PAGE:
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Last Updated: Tuesday, 23 January 2007, 12:35 GMT
Adults' antidepressant bone risk
Bone fractures were more common in SSRI users
Adults over 50 who use a type of antidepressants are at double the risk of bone fractures, a study suggests.

The Canadian researchers focused on selective serotonin reuptake inhibitors (SSRIs) including drugs such as Prozac and Seroxat.

The Archives of Internal Medicine study found SSRI use was linked both to a greater number of falls, and a reduction in bone density.

UK experts said more evidence was needed to confirm the link.

Here is further evidence that psychiatric drugs can carry significant costs for those who take them
Sophie Corlett, mental health charity Mind

The team from McGill University in Montreal, Quebec, studied 5,000 people over 50 over five years.

They looked at their use of SSRIs, bone mineral density in the lower spine and hip and the number of falls they had.

The researchers found 137 people, with an average age of 65, used SSRIs every day.

They were found to have double the risk of falls, with injuries mainly affecting the forearm, ankle and foot and hip.

The higher the antidepressant dose a patient was on, the higher their risk of falls, the research found.

In addition, those who took SSRIs daily had 4% lower bone mineral density in the hip than those who did not and a 2.4% decrease in the lower spine.

Risks versus benefits

Serotonin is a chemical known to play a key role in regulating mood.

However, serotonin receptors and transporters have also been found in bone cells, where they are thought to influence bone formation.

The authors, led by Dr Brent Richards, said: "Elderly persons are at increased risk of developing osteoporosis and depression.

"Daily SSRI use in this population to treat depression may increase the risk of subsequent fracture.

"These risks must be balanced against the benefits gained by the treatment of depression with SSRIs.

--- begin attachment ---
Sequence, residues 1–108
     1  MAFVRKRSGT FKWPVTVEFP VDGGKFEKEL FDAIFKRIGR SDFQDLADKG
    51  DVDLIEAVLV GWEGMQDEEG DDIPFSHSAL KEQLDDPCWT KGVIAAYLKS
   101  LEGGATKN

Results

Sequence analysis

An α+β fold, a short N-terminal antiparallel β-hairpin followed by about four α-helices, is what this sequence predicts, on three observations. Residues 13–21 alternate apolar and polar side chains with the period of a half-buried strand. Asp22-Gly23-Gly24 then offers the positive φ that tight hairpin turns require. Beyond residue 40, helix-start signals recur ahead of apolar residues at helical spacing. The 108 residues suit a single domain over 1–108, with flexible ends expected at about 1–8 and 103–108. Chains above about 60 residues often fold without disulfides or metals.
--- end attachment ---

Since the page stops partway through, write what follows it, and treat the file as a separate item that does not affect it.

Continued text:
"In light of the high rate of SSRI use among the general population, and among elderly persons in particular, further studies are needed to confirm our findings."

Sophie Corlett, policy director for the mental health charity Mind said: "Here is further evidence that psychiatric drugs can carry significant costs for those who take them.

"Talking therapies are recommended as the preferred treatment for depression for most people.

"But because talking therapies are not available in much of the country, GPs are being forced to prescribe drugs when alternative treatments would be preferable.

"Sadly, this is particularly the case for older people, who, despite being more at risk of osteoporosis have particular problems gaining access to talking therapies than those in other age groups."

Marjorie Wallace, chief executive of the mental health charity Sane, added: "While most people have to wait months or years for talking therapies, we must balance the relatively small and unproven risks of decreased bone density due to medication against the significant and long-proven risks associated with untreated depression."

But a spokeswoman for the National Osteoporosis Society said: "While this was a large study, only a small number of subjects were taking these drugs and more evidence is needed in order to confirm the findings.

"Whether it was the drugs themselves or some other factor, such as risk of falling, common to those in the study that caused the increase in fractures is uncertain."

She said anyone with concerns should contact the society or speak to their doctor.

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